Other than events, severe weather can cause unexpected surges and plunges in demand – causing even frequent scooter-hire customers to pull out their phones and open up a rideshare app instead.

This is different from the more sustained, less urgent demand than when immediate discovery and use is critical for uptake.

Tapping into perfects storms of demand

It’s important to understand these differing levels of demand urgency when optimizing your strategies, especially when it comes to preparing for perfect storms of demand. These occur when smaller events cluster and combine to have a similar impact to a large, well-known event.

For example, this perfect storm in Austin, Texas is made up of events that are ranked mostly below major and significant impact (for more on how we rank events by impact, read this post). This is drawing close to 650,000 people to the area — all of whom need ways of getting around — and would easily be missed compared to a similarly sized, single event.

Perfect storms are particularly impactful for mobility companies as they will cause unexpected demand and displacement of assets.

Context: How mobility operators use PredictHQ

Transport companies use our intelligent event data in two ways:

  1. Directly in their demand forecasting models
  2. As a way to save city and operational managers’ time while ensuring they are aware of all event-driven potential demand anomalies

Most companies use it directly in their modelling. Our API is designed for ease of use with an identical schema regardless of event type and the ability to swiftly correlate historical data with verified and ranked events.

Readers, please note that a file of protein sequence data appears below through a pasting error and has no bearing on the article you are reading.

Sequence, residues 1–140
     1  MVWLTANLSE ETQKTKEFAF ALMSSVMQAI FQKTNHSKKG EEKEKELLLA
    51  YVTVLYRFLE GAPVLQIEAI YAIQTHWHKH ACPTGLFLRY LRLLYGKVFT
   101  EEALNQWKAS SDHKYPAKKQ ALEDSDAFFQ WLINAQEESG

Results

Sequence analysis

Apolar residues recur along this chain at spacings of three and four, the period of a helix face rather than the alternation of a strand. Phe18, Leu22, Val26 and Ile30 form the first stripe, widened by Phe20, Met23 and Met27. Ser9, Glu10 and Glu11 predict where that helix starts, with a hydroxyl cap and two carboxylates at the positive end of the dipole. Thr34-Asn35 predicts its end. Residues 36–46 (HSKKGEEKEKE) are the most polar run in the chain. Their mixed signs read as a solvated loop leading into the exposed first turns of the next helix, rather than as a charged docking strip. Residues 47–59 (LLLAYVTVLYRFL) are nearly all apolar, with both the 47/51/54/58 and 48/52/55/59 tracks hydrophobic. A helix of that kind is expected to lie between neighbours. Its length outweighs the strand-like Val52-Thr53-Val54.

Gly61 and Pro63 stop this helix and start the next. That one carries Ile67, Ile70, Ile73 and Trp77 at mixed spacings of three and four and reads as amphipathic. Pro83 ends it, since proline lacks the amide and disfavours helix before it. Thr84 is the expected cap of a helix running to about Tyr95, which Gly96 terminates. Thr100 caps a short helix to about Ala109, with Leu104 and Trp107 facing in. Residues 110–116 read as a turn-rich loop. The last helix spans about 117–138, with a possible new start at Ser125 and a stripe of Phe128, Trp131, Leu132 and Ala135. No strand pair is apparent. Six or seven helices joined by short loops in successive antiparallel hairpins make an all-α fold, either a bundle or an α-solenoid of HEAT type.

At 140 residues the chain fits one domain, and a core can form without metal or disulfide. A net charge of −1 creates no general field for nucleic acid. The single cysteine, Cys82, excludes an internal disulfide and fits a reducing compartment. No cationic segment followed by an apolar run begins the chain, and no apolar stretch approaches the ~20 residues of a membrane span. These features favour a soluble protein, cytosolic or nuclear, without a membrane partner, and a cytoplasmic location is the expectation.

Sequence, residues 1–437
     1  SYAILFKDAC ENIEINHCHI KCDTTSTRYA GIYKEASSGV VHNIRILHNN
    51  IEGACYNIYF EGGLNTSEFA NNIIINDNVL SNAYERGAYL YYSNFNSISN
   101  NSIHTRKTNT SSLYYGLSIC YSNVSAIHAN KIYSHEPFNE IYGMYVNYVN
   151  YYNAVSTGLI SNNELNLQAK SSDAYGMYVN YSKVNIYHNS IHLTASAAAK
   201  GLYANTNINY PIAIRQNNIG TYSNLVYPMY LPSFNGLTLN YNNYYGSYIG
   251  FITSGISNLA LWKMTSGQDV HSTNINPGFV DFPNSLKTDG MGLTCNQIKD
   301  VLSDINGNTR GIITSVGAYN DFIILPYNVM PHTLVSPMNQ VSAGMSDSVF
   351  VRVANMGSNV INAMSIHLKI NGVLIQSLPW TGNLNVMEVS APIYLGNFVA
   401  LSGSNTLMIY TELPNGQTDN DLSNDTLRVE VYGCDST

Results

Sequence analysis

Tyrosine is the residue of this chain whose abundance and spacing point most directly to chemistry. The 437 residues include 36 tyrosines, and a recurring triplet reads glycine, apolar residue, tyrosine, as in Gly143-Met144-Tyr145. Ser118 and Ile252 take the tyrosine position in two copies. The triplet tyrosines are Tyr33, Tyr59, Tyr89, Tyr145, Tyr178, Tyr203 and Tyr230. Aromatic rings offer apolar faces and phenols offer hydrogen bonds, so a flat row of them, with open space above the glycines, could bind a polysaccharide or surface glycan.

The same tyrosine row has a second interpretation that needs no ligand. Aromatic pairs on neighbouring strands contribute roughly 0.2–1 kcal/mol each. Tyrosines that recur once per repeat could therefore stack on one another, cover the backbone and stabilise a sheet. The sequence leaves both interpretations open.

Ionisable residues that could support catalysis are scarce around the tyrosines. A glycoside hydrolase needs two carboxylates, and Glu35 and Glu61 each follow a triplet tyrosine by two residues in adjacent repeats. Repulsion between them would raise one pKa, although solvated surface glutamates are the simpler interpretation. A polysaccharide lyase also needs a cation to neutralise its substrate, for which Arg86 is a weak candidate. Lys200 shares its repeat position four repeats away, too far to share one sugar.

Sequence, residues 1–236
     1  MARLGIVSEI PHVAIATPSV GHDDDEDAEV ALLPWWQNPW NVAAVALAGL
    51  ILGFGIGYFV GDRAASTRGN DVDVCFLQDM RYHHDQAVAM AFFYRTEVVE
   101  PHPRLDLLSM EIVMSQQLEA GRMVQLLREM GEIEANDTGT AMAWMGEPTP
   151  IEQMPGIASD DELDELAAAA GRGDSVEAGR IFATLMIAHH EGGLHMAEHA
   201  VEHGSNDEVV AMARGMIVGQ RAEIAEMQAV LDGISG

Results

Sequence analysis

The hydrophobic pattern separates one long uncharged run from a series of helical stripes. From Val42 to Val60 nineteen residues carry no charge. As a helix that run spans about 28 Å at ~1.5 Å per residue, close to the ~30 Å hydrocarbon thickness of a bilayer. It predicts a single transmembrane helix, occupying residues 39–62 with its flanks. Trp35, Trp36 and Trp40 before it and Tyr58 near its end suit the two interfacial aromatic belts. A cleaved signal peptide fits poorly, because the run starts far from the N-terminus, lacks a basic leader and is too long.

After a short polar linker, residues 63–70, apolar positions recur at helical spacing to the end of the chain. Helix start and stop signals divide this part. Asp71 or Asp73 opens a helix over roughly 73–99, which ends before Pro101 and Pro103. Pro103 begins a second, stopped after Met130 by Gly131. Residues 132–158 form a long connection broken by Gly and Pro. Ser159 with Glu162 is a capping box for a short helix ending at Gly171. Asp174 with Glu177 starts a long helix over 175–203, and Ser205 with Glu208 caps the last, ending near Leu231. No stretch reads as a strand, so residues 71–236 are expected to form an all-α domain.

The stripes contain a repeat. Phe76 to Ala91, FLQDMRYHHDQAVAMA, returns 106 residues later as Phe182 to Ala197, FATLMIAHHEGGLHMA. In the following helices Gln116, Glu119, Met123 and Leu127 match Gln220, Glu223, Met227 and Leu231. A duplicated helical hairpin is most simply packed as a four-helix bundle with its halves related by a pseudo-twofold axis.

Correlation of mobility demand with events reveals three important insights:

  • What kind of events cause increase and decreases in your demand, so you can identify for future events and optimize your plans.
  • Unexpected or underappreciated hotspots that require inclusion in your strategies and potentially greater investment to capitalise on demand surges.
  • The ability to move beyond “we had a spike here last year” to pinpointing exactly why you experienced that spike and ensuring you can meet it again. Many events recur, and 85% of recurring events change location or date each time.

While many transport companies scrape Google for events or have a list of key holidays, having a much larger set of verified and ranked events means you can identify more demand anomalies reliably enough to shift assets and teams in advance to meet demand. One of my favourite moments with new customers is watching the relief and excitement from engineers and data scientists when they realize our demand intelligence data has a consistent schema and ranking methodology – saving them hundreds of hours cleaning and formatting data.

This post is focused on event-driven demand anomalies – but both this session at MOVE and PredictHQ as a company are actively exploring other kinds of demand anomaly causes. We started building our demand intelligence offering around events as one of the largest and hardest to predict sources of demand catalysts, but we’re only just getting started!

Even if you are unable to make MOVE this year, get in touch to explore how demand intelligence works for transportation networks and mobility operators. If you are coming to MOVE, be sure to join our roundtable and say hello so we can jump into what kind of events are driving your demand – and how you can make the most of them.

In this article

Join the Conversation